Oklahoma abuse victim support jeopardized by nonprofit’s misspent $500k
The only statewide organization that supports Oklahoma abuse victims is in jeopardy after federal auditors determined former staff and board members misspent more than $500,000 in public money.
For more than 40 years, the Oklahoma Coalition Against Domestic Violence and Sexual Assault has taught advocates how to help victims file protective orders and secure clothing, bedding and other basic needs they were forced to leave behind. It connects the state’s 40 shelters, quickening the search for a safe place to sleep. It lobbies for new laws that protect victims and fights against legislation that endangers them.
In June of 2021, auditors revealed a pattern of misspending that diverted hundreds of thousands of dollars from Oklahoma shelters, crisis centers and victims.
Since then, federal agencies have awarded the coalition more than $2 million. The coalition has all new staff and board members, including a committee that oversees spending. It reignited training and support that waned under the leadership of former director Candida Manion, who spent federal money on vacations instead of victim services, an Oklahoma Watch investigation revealed.
Two years after the audit was released, federal regulators have yet to decide what, if any, consequences the nonprofit will face. But one thing is certain: if the coalition is forced to repay the misspent money, it will have to dissolve.
“If we have to look at repaying that money, we obviously don’t have it,” Ann Lowrance said at a May 10 board meeting. Lowrance is a founder of the coalition and rejoined the nonprofit’s board this year.
The federal Office on Violence Against Women, the nonprofit’s largest funder, has been working with coalition staff and board members to rectify nearly $900,000 that was squandered or mismanaged according to auditors. Receipts, invoices, employee reports and other documents discovered in the disorganized paperwork Manion left behind reduced the unallowed costs to $585,000. But that’s still too much for the nonprofit to repay.
Most of the misspent money is unaccounted for payroll expenses due to missing timesheets or signatures required under grant rules.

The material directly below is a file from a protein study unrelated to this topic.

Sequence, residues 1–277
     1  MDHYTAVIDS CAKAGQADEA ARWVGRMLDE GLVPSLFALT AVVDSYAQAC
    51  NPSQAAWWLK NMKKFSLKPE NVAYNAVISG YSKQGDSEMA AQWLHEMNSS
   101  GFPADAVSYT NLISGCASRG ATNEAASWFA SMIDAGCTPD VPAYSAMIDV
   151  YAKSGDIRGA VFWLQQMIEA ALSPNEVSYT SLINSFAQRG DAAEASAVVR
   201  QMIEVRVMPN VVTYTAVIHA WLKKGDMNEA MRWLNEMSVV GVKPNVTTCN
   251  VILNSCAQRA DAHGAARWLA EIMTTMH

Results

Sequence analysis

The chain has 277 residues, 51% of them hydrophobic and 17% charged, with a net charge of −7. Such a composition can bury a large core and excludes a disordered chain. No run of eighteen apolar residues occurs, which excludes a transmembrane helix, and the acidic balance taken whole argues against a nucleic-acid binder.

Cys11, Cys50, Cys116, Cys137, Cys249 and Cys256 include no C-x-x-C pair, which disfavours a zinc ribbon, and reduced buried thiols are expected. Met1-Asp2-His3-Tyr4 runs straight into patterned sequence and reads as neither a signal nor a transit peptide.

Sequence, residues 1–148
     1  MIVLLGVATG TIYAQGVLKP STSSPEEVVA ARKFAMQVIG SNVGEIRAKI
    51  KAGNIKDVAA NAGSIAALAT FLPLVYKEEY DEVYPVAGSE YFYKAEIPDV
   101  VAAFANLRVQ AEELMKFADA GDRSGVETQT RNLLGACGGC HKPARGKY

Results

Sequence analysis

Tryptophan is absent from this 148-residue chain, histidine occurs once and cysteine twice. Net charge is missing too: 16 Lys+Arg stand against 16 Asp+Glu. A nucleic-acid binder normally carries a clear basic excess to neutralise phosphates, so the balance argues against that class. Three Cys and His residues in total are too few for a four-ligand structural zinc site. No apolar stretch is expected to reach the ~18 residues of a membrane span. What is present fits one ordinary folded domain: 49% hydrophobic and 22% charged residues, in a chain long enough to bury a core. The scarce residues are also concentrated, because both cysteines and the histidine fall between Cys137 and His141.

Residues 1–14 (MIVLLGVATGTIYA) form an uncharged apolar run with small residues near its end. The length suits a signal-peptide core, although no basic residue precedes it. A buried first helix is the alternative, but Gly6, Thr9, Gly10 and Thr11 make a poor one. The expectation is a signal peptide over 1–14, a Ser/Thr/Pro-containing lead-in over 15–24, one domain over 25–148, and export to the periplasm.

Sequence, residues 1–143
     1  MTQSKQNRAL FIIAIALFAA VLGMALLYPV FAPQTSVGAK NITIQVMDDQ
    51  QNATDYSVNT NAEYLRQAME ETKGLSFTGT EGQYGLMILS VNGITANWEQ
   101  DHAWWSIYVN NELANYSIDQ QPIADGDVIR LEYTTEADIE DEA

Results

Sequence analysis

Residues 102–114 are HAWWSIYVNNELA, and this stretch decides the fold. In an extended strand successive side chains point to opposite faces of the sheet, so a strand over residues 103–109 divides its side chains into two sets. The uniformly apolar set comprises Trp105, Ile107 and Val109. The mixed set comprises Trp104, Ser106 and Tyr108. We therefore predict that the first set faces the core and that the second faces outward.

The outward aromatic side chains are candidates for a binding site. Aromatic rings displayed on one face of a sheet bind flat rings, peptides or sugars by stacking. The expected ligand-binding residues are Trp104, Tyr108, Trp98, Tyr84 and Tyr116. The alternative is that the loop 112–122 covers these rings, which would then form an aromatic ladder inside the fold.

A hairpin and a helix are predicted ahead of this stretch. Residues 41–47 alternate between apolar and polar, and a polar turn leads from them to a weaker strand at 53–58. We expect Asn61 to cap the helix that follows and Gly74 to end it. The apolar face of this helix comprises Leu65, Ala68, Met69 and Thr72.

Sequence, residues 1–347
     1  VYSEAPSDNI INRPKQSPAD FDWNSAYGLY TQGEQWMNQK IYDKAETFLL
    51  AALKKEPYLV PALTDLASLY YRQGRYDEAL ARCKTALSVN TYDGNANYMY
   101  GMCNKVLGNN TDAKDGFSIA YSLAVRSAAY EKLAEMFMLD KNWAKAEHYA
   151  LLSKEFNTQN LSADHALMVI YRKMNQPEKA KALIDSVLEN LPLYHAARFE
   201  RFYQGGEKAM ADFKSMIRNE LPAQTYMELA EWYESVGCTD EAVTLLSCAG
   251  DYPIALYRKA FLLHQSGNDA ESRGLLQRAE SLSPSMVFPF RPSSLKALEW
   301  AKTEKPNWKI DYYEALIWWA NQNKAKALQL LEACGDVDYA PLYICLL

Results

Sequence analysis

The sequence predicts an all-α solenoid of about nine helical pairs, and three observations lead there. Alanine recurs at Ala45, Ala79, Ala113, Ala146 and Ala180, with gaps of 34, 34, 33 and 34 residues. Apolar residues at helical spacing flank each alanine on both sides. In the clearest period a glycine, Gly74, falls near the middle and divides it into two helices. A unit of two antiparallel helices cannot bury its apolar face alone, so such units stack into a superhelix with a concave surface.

The new total was submitted to the Department of Justice, which could pursue criminal charges against Manion or former board members. It could forgive the full or partial amount. It could suspend or ban the coalition from receiving future grant money.
At a recent board meeting, members worried that the state’s 53 victim service programs would be responsible for the bill, diverting money from Oklahomans in need. When the money was misspent, the board overseeing Manion’s spending was made up of directors from state shelters and victim service programs. Of eight current board members, three are program directors.
The nonprofit manages $450,000 to $650,000 per year, which comes mostly from federal grants. Annual membership fees from the state’s victim service programs make up only a few thousand dollars of the nonprofit’s budget.
Oklahoma has the nation’s second-highest rate of women murdered by men, which is twice the national average, according to the Violence Policy Center’s most recent report. A state report found that 118 Oklahomans were killed in domestic violence incidents in 2021, the same year former coalition director Manion was fired for misspending.
If the nonprofit dissolves, Oklahoma would be the only state in the country without a coalition, according to the national coalition’s website.
Board members said at the May meeting that they were uncertain when a decision will be made.
The coalition also is investigating an employee complaint, according to its April meeting agenda. Former interim director ReJeania Tolliver worked under Manion and took over operations last year while the board searched for a new director. Tolliver applied but was not chosen for the position. She left the nonprofit late last year.
It is unknown if Tolliver filed a complaint because the board met in executive session, which is not open to the public. Tolliver did not respond to requests for an interview.